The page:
In I-Stem, a team led by Alexandra Benchoua and Marc Pechanski enabled to prove the benefit of neuronal and celullar models derived from pluripotent stem cells for genetic autistic disorders.
These researches were focused on the Phelan-McDernid, a rare autistic disease of genetic origins which leads to a loss of one of the copies of the SHANK3 gene, and therefore to a decrease of the amount of SHANK3 protein.
After having developed a model allowing to produce in vitro human neurons from pluripotent stem cells, a high-throughput screening was carried out for 202 pharmacological compounds in order to determine which one would be more likely to rebalance the amount of protein.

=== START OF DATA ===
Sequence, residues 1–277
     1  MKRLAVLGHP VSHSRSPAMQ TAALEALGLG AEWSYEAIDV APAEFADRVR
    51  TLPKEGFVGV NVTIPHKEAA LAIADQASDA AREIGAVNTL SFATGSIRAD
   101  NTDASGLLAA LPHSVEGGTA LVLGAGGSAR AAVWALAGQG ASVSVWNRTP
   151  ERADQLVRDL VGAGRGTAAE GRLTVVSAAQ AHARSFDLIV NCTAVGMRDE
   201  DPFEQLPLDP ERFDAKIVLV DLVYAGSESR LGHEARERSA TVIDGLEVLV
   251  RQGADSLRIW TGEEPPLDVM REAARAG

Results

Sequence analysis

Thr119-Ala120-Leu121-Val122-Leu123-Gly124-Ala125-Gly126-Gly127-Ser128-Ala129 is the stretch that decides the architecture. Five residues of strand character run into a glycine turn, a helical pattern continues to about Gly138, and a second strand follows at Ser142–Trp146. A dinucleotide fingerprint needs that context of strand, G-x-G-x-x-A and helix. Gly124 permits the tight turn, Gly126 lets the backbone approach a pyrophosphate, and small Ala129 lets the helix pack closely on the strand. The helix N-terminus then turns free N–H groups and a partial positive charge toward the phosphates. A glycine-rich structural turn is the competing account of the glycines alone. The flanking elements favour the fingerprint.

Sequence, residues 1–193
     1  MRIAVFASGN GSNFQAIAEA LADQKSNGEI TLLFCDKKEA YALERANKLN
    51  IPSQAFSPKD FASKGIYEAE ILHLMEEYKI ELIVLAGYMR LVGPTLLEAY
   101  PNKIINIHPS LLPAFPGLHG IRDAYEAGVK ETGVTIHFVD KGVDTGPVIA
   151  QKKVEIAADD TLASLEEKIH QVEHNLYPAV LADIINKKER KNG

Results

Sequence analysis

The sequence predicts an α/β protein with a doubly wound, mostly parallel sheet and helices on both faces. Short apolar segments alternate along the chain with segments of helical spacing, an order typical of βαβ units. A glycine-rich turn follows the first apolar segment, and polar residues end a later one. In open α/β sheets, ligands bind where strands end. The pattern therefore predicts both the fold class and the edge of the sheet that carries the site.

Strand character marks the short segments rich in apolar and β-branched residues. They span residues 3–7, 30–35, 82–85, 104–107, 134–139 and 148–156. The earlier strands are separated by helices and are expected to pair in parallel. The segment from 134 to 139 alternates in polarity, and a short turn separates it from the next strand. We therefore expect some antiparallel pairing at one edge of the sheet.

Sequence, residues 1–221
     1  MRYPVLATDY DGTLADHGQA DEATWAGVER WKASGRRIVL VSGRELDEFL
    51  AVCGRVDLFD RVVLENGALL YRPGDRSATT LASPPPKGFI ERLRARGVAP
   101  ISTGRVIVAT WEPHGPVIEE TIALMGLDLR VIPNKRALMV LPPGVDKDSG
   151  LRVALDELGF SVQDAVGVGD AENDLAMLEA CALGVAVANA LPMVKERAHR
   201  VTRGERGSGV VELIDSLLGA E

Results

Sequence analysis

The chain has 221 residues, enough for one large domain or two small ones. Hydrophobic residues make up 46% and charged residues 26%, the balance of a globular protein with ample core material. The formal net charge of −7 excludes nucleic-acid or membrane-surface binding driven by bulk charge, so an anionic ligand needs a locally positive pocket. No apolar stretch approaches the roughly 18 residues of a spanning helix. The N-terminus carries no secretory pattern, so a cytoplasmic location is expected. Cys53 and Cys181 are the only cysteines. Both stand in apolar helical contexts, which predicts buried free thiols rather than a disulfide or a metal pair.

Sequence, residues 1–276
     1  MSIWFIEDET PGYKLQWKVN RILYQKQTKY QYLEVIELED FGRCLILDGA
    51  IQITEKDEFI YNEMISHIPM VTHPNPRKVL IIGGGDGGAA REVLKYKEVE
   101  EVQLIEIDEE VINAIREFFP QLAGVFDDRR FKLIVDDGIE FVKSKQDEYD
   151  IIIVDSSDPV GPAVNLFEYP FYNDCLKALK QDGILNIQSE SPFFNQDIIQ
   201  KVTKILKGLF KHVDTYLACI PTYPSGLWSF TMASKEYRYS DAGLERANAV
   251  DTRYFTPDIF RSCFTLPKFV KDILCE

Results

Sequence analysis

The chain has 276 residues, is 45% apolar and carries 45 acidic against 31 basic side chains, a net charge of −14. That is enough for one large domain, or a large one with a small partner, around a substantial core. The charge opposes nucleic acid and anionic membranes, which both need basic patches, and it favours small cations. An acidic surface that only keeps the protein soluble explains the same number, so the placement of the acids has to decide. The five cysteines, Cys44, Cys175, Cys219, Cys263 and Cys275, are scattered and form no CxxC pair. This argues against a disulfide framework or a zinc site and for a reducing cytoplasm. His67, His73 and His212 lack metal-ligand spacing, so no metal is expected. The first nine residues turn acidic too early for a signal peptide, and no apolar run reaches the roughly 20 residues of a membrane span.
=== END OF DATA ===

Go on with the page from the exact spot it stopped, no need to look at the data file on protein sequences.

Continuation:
At the end of this screening, lithium appeared to be the most efficient. A pharmacotherapy could then be performed for a year on a patient, giving very encouraging results because the degree of severity of the patient’s autism has decreased.
A randomised doubleblind trial is now being considered by researchers to confirm those results.
Alexandra Benchoua is in charge of the Neuroplasticity and Therapeutic team at I-Stem. Her team develops innovative technologies from patient’s stem cells. These models allow to carry out screenings of compounds from chemical libraries (collection of already known molecules used by the pharmaceutical industry) to identify those that have a therapeutic effect on the studied mechanism.
“We were lucky to work with geneticists and clinicians like Thomas Bourgeron and Richard Delorme. They were the ones who identified the needs and came to us. We tried to bring clinicians the needs they had to improve patients’ care” she explained.